What can we learn about the development of public interaction in e-democracy from a drama delivered by mobile headphones to an audience standing around a shopping center in a Stockholm suburb?
In democratic societies there is widespread acknowledgment of the need to incorporate citizens’ input in decision-making processes in more or less structured ways. But participatory decision making is balancing on the borders of inclusion, structure, precision and accuracy. To simply enable more participation will not yield enhanced democracy, and there is a clear need for more elaborated elicitation and decision analytical tools.
This rigorous and thought-provoking volume draws on a stimulating variety of international case studies, from flood risk management in the Red River Delta of Vietnam, to the consideration of alternatives to gold mining in Roșia Montană in Transylvania, to the application of multi-criteria decision analysis in evaluating the impact of e-learning opportunities at Uganda's Makerere University.
Editors Love Ekenberg (senior research scholar, International Institute for Applied Systems Analysis [IIASA], Laxenburg, professor of Computer and Systems Sciences, Stockholm University), Karin Hansson (artist and research fellow, Department of Computer and Systems Sciences, Stockholm University), Mats Danielson (vice president and professor of Computer and Systems Sciences, Stockholm University, affiliate researcher, IIASA) and Göran Cars (professor of Societal Planning and Environment, Royal Institute of Technology, Stockholm) draw innovative collaborations between mathematics, social science, and the arts.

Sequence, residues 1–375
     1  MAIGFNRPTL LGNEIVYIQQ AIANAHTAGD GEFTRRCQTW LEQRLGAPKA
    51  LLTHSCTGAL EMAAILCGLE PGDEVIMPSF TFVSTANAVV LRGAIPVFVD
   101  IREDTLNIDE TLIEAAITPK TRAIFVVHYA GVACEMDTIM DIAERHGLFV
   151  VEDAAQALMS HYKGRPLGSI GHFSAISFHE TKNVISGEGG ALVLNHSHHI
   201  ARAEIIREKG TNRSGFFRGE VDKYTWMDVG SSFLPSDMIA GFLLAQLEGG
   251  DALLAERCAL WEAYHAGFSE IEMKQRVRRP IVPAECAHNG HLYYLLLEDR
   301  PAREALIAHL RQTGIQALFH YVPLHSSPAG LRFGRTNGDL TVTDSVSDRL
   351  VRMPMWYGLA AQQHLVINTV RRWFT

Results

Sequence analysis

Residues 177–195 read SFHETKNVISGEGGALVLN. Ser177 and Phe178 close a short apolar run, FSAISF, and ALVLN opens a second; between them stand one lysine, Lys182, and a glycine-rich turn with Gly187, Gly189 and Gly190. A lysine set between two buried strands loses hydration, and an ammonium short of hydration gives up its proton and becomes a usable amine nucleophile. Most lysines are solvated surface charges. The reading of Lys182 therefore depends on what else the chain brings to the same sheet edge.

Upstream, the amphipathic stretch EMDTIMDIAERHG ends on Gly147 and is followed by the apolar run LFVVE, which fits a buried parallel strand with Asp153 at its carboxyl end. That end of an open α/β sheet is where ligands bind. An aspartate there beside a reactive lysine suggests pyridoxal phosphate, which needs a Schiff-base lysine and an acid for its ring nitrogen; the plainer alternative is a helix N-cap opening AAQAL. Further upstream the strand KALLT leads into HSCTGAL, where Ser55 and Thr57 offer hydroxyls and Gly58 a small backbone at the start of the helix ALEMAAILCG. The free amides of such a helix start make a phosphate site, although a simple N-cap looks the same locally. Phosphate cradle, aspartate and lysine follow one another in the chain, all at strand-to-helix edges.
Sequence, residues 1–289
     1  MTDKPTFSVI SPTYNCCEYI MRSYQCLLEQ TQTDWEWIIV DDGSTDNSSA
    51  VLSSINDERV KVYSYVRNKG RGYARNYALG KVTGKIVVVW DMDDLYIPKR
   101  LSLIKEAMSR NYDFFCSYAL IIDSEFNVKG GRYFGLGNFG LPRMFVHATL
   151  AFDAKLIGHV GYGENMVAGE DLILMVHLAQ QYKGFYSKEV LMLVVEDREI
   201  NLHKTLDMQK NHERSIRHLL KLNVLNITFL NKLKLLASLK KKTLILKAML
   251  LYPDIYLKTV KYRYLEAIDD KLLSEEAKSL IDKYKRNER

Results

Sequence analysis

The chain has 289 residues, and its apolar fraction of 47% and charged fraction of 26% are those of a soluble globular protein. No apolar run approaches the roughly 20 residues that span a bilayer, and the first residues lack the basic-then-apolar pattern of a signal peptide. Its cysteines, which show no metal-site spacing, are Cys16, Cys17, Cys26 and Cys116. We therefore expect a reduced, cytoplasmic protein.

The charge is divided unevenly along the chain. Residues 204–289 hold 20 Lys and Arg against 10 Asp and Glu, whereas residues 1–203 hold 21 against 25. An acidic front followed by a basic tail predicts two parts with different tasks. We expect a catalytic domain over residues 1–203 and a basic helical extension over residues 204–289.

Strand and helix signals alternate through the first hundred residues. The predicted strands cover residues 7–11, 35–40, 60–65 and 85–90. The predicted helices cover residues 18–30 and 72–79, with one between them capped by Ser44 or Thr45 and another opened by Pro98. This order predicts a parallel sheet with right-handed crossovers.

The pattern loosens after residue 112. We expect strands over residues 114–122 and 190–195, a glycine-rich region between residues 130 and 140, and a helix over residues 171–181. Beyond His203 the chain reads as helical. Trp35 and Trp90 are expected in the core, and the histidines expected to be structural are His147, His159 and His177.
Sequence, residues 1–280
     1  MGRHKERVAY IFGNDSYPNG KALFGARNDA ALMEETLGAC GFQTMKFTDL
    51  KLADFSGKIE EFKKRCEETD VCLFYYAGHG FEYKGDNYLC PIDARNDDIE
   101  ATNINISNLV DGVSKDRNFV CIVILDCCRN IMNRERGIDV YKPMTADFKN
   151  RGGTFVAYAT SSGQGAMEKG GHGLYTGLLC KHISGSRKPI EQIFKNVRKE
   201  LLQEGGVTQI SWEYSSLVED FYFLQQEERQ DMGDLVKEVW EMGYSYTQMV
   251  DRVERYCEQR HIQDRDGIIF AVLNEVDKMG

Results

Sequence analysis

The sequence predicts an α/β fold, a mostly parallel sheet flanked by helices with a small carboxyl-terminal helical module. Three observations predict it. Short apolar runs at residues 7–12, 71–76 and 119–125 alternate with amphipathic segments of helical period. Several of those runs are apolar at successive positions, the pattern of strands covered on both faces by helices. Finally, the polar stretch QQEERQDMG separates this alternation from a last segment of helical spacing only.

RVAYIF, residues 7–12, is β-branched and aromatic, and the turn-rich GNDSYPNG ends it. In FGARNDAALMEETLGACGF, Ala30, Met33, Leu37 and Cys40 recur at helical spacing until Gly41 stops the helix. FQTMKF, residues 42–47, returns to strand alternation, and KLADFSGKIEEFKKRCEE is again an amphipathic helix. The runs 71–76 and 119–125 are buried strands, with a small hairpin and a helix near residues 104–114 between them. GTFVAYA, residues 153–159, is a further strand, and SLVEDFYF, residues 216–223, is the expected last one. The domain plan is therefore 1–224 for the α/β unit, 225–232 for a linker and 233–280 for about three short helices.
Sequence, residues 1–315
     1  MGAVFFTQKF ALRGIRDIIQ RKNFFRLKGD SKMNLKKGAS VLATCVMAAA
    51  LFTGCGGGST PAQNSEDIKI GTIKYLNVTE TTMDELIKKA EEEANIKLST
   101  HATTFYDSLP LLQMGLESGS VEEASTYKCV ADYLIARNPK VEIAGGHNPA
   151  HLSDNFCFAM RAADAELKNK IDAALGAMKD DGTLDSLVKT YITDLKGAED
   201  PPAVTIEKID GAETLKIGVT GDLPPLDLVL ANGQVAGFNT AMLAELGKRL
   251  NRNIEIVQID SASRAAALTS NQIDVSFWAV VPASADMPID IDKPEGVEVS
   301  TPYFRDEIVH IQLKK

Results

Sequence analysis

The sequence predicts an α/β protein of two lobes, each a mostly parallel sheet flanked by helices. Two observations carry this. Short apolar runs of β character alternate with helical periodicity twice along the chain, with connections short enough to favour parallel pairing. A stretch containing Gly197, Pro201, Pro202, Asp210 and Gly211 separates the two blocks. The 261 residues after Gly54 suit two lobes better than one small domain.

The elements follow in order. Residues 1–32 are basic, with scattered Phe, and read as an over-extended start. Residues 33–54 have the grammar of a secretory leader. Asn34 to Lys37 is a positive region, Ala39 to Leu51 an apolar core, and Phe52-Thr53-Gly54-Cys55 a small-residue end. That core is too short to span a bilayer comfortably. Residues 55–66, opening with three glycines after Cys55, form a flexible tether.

They develop new problem formulations and solutions, with the aim of carrying decisions from agenda setting and problem awareness through to feasible courses of action by setting objectives, alternative generation, consequence assessments, and trade-off clarifications.
As a result, this book is important new reading for decision makers in government, public administration and urban planning, as well as students and researchers in the fields of participatory democracy, urban planning, social policy, communication design, participatory art, decision theory, risk analysis and computer and systems sciences.